A Soyuz rocket plastered with Japanese advertising was rolled into position Friday to carry a Japanese broadcaster into space Sunday after a truce was reached on money squabbles.
The Tokyo Broadcasting System, which is paying $10 million for the launch in a contract with the Glavkosmos space agency, complained that the Soviets were demanding wild extra money for everything from spacesuits to $10,000 an hour for Soviet cosmonauts to hold a video camera during the eight-day mission."It is not settled yet, but because the launch is so important to us and to the Soviets we have stopped the negotiations and will return to them later after the launch," said Ichiro Sasasi, a TBS executive.
By tradition all Soviet rockets leave for the launch pad at 7 a.m. because that is when Yuri Gagarin's Vostok rocket rolled out to make him the first man in space on April 12, 1961.
And precisely at 7 a.m. Friday, the Soyuz rocket that will make Toyohiro Akiyamo the first journalist in space left its assembly plant on a rail line leading right to Gagarin's launch pad No. 1.
Truck-mounted projector lights sliced through the morning darkness and lighted up the Soyuz as some of the 150 Japanese journalists scrambled to the rail bed to snap pictures of the booster emblazoned with advertisements for Sony, Ohtsuka Chemicals and Unicharm, makers of women's hygiene products.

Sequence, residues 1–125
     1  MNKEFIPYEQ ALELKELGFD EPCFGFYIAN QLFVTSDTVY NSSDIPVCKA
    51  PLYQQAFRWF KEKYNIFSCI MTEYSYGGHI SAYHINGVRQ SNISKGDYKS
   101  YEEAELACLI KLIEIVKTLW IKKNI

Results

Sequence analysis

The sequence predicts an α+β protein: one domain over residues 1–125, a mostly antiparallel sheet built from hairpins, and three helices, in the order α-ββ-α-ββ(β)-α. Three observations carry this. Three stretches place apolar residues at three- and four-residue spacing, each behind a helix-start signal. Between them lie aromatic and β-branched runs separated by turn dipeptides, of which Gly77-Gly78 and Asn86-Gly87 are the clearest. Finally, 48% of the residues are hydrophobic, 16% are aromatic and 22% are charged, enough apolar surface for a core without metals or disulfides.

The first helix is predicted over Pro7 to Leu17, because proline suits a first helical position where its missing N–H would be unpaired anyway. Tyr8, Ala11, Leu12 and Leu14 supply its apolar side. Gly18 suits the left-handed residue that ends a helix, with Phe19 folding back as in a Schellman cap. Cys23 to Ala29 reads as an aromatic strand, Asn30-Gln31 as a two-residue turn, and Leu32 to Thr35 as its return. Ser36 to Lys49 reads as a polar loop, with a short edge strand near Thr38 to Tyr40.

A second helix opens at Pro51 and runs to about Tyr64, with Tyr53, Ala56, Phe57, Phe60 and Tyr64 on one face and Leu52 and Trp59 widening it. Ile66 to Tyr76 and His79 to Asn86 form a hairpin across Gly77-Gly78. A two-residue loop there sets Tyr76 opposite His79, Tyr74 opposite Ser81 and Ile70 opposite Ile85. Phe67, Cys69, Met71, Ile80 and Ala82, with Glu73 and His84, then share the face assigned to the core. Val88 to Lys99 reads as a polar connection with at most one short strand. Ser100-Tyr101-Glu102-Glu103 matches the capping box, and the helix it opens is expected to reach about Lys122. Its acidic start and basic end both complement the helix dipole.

Two hours later, Soviet space technicians wearing orange hard hats and black cold-weather gear against the 19-degree temperatures jerked the Soyuz upright with hydraulic lifts. Gantries pinioned the rocket into the firing position for the launch Sunday at 11:45 a.m.
Akiyama, 48, a former TBS bureau chief in Washington who kicked a four-pack a day cigarette habit to make the flight, will be accompanied to the Mir space station by two seasoned Soviet cosmonauts - Musa Manarov, a joint holder of the record of 366 days in space, and Viktor Afanasiev, who has tested out on every Soviet aircraft.
Akiyama's backup, Rioko Kikuchi, 26, the TBS network's first woman camera operator, suffered appendicitis Monday and was operated on in Baikonur, increasing the pressure on Akiyama to stay healthy.
"There is no contract clause for cancellations and we are not even thinking about it, but if it happens we can restart negotiations," said Sasasi, the TBS executive who fathered the mission known as "Cosmoreporter."
He said Kikuchi, a Chinese-language expert who learned Russian as part of her cosmonaut training, was feeling fine after her operation and may be able to come to the launch Sunday.
A blaze of 20 TBS cameras will cover the liftoff, including one in the control room when the launch button is pushed and one under the launch pad that will promptly melt during the blastoff.